This may seem tangential, but I swear there's a point: Talk radio is often musings or impressions and frequently filled with error. Is talk radio a curse? (Don't answer that.) No, because humans and errors go hand in hand. People stretch reality to prove a point. People ignore things to prove a point. People err. It's human, as someone once said. (I think it was Snoop Doog in Starsky & Hutch. He might have gotten it from somewhere else.)
Labeling the blogosphere and web sportswriting as a whole as riddled with inaccuracy is blatantly ignoring the errors that play-by-play guys, radio hosts, deadwood columnists and beat writers all make. The difference I've seen with the web is two-fold: statements are documented, so facts can be checked out, and rational web-writers typically rise to the top. Not to get all commmie, but the web is a meritocracy. Few web writers get tons of hits because of who they are; they get tons of hits because of what they do. Look at Kurt at Forum Blue and Gold or Jeff at CelticsBlog. These guys don't even have last names! But they have huge and passionate audiences, precisely because they are insightful, rational, smart, creative and DAMN GOOD at what they do.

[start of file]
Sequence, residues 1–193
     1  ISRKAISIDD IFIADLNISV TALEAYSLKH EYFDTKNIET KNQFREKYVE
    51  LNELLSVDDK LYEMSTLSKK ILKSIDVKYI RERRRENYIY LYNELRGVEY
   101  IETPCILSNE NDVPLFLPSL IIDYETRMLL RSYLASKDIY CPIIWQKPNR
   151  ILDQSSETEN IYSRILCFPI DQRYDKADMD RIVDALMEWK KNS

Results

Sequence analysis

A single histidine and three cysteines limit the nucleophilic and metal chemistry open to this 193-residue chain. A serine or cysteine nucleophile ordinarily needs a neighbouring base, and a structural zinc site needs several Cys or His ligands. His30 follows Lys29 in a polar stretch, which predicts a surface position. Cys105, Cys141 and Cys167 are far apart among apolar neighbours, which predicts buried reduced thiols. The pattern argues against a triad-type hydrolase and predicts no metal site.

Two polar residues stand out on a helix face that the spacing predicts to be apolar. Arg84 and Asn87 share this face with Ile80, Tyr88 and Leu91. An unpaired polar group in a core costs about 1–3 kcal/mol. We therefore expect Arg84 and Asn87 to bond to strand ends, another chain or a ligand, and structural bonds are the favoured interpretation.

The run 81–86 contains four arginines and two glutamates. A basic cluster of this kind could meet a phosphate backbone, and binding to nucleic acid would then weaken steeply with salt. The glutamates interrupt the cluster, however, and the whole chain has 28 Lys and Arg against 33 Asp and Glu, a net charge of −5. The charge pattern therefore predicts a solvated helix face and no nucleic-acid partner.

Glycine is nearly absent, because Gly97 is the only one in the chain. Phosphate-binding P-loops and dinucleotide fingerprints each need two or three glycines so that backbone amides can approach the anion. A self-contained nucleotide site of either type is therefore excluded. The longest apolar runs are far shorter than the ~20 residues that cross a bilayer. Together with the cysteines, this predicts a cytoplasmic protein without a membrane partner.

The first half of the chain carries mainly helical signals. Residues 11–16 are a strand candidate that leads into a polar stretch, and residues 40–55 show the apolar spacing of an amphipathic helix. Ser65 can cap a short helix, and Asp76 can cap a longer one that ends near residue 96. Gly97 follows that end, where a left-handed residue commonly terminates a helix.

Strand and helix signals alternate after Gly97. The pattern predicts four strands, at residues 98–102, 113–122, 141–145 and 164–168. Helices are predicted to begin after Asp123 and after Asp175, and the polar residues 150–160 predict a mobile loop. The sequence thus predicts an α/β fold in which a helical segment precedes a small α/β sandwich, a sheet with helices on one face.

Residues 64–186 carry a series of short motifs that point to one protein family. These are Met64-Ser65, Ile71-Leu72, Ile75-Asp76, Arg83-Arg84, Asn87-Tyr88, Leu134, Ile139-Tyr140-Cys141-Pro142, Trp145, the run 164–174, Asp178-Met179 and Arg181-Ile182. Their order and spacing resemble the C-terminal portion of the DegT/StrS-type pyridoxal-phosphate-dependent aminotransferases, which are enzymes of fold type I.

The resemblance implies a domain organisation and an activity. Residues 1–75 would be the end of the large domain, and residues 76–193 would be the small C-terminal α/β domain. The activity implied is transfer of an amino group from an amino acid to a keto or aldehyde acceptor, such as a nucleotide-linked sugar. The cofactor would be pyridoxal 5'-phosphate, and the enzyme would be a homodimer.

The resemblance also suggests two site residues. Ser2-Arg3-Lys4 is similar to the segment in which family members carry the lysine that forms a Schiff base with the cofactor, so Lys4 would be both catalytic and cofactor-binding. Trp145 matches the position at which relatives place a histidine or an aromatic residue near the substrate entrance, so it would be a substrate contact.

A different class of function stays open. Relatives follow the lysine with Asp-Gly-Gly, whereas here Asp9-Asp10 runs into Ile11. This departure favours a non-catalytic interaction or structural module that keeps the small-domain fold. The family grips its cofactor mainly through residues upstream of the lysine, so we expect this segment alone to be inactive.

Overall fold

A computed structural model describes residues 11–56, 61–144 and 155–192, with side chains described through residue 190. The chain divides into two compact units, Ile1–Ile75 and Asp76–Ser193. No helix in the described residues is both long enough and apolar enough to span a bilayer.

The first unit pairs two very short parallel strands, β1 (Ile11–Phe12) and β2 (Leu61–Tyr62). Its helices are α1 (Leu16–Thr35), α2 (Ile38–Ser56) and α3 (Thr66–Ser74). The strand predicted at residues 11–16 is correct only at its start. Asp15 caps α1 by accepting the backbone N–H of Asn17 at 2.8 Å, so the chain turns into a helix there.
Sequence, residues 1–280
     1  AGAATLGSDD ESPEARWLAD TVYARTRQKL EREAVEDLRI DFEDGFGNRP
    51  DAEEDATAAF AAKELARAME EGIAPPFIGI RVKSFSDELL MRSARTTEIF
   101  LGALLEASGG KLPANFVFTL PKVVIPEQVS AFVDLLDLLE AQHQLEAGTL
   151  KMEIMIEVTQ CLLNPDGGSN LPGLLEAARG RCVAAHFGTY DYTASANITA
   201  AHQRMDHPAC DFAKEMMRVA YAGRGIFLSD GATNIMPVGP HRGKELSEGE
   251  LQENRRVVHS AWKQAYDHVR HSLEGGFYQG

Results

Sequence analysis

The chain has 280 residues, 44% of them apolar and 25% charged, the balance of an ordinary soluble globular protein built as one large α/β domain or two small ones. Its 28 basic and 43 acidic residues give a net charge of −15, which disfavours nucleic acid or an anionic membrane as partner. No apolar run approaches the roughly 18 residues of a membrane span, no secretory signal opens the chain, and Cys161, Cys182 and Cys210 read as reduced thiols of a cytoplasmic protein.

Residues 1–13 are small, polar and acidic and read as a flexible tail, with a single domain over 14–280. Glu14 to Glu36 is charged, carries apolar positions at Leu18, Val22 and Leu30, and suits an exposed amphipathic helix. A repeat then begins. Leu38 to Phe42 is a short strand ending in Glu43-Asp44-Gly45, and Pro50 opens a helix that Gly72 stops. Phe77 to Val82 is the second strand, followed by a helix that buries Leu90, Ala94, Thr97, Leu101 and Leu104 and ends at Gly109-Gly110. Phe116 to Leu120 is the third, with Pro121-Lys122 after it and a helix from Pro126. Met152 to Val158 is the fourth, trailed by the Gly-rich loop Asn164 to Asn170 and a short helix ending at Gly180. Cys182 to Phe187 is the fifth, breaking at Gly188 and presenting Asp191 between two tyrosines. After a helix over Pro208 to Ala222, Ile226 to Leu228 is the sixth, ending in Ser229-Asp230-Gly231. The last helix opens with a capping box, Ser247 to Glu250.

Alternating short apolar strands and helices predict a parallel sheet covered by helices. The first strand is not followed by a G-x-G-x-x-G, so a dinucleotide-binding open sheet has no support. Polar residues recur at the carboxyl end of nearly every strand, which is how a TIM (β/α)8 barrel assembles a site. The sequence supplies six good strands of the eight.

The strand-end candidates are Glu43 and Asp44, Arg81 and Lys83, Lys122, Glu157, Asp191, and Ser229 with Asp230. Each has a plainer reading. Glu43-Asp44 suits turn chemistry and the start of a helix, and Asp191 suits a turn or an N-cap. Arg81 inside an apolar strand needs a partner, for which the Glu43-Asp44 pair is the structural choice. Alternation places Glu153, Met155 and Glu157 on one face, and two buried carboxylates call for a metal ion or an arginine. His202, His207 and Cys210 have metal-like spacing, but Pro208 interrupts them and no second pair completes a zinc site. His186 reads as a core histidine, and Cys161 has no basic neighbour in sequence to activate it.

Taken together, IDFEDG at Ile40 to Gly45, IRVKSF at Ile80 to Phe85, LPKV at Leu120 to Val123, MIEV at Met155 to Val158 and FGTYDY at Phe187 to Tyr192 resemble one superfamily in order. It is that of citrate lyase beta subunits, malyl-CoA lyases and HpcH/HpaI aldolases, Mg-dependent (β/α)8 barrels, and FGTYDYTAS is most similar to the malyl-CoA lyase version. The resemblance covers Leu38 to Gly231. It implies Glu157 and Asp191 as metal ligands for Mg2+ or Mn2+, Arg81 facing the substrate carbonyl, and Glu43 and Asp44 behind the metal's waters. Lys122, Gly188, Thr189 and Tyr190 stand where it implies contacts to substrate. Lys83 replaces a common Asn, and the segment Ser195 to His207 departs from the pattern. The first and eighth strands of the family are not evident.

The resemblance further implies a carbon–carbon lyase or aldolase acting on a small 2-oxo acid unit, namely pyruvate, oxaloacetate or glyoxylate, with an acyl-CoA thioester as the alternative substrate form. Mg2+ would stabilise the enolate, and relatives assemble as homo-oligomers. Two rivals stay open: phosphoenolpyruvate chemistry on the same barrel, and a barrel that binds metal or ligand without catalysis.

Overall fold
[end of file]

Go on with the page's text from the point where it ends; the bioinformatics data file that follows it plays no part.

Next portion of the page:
Why does Marty McNeal have a column in The Bee? Because he put in his time as the beat writer. Why does Grant Napear make six figures do TV and radio for Maloof Sports and Entertainment? Because he's worked long and hard in the market. Why does Chris Ballard write for SI? Because he got opportunities and made the most of them.